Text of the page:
The impact of trade openness on global carbon dioxide emissions: Evidence from the top ten emitters among developing countries


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Ertugrul H. M. , Cetin M., Seker F., DOĞAN E.

ECOLOGICAL INDICATORS, cilt.67, ss.543-555, 2016 (SCI İndekslerine Giren Dergi) identifier identifier

  • Cilt numarası: 67
  • Basım Tarihi: 2016
  • Doi Numarası: 10.1016/j.ecolind.2016.03.027
  • Dergi Adı: ECOLOGICAL INDICATORS
  • Sayfa Sayıları: ss.543-555

Özet

This study aims to analyze the relationship between carbon dioxide (CO2) emissions, trade openness, real income and energy consumption in the top ten CO2 emitters among the developing countries; namely China, India, South Korea, Brazil, Mexico, Indonesia, South Africa, Turkey, Thailand and Malaysia over the period of 1971-2011. In addition, the possible presence of the EKC hypothesis is investigated for the analyzed countries. The Zivot-Andrews unit root test with structural break, the bounds testing for cointegration in the presence of structural break and the VECM Granger causality method are employed. The empirical results indicate that (i) the analyzed variables are co-integrated for Thailand, Turkey, India, Brazil, China, Indonesia and Korea, (ii) real income, energy consumption and trade openness are the main determinants of carbon emissions in the long run, (iii) there exists a number of causal relations between the analyzed variables, (iv) the EKC hypothesis is validated for Turkey, India, China and Korea. Robust policy implications can be derived from this study since the estimated models pass several diagnostic and stability tests. (C) 2016 Elsevier Ltd. All rights reserved.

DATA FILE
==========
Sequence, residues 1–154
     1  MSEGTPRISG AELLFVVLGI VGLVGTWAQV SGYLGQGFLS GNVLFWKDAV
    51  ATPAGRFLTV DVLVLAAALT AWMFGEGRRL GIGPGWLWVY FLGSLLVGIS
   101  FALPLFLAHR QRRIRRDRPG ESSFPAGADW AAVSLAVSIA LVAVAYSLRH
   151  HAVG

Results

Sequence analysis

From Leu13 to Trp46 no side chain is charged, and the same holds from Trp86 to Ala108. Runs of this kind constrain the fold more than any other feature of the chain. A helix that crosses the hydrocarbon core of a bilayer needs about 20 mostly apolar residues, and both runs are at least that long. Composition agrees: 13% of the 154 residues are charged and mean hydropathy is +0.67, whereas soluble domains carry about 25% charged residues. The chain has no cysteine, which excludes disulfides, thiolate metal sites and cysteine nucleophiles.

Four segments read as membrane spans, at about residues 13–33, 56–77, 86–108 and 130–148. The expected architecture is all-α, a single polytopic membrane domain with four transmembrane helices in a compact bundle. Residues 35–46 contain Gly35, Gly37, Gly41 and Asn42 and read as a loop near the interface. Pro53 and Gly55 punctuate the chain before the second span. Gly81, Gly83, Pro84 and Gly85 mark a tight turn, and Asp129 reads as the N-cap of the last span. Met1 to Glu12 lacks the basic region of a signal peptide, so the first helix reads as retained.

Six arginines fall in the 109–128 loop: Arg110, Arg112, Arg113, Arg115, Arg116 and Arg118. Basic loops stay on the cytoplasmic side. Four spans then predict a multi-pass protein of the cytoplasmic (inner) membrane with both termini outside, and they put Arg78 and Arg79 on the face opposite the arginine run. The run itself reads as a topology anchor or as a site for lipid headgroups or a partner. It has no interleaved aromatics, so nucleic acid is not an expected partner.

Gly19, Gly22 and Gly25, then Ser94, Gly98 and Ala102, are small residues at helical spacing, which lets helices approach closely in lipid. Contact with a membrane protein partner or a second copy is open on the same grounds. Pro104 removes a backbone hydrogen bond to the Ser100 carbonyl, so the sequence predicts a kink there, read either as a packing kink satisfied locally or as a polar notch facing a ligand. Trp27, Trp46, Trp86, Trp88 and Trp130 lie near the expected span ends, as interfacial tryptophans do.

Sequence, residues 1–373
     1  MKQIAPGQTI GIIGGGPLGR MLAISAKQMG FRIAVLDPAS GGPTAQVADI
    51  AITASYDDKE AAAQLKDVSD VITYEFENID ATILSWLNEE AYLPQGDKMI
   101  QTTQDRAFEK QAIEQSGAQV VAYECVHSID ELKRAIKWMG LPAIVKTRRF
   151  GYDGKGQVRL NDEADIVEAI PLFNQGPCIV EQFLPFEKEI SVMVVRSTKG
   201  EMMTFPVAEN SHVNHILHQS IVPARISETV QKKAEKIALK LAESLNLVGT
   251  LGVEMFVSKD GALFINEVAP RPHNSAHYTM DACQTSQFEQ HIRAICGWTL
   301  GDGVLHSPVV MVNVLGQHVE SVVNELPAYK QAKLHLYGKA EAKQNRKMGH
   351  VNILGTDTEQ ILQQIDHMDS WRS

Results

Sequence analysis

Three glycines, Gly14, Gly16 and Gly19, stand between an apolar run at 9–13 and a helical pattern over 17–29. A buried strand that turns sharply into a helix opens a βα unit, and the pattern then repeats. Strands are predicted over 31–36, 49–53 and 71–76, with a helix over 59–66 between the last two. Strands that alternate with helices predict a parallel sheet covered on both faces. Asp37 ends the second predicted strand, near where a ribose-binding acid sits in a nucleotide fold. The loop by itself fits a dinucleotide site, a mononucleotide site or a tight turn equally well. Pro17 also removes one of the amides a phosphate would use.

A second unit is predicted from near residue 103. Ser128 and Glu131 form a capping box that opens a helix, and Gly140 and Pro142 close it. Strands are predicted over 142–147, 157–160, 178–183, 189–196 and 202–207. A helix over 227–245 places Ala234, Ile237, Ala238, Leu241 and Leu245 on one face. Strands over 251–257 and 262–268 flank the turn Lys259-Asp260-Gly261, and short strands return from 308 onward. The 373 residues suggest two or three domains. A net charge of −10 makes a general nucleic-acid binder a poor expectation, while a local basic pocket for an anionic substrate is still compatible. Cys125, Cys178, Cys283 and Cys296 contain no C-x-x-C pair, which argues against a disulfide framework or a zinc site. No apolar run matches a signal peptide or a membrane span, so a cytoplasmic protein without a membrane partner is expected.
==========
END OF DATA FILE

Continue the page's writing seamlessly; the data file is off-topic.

This study aims to analyze the relationship between carbon dioxide (CO2) emissions, trade openness, real income and energy consumption in the top ten CO2 emitters among the developing countries; namely China, India, South Korea, Brazil, Mexico, Indonesia, South Africa, Turkey, Thailand and Malaysia over the period of 1971–2011. In addition, the possible presence of the EKC hypothesis is investigated for the analyzed countries. The Zivot–Andrews unit root test with structural break, the bounds testing for cointegration in the presence of structural break and the VECM Granger causality method are employed. The empirical results indicate that (i) the analyzed variables are co-integrated for Thailand, Turkey, India, Brazil, China, Indonesia and Korea, (ii) real income, energy consumption and trade openness are the main determinants of carbon emissions in the long run, (iii) there exists a number of causal relations between the analyzed variables, (iv) the EKC hypothesis is validated for Turkey, India, China and Korea. Robust policy implications can be derived from this study since the estimated models pass several diagnostic and stability tests.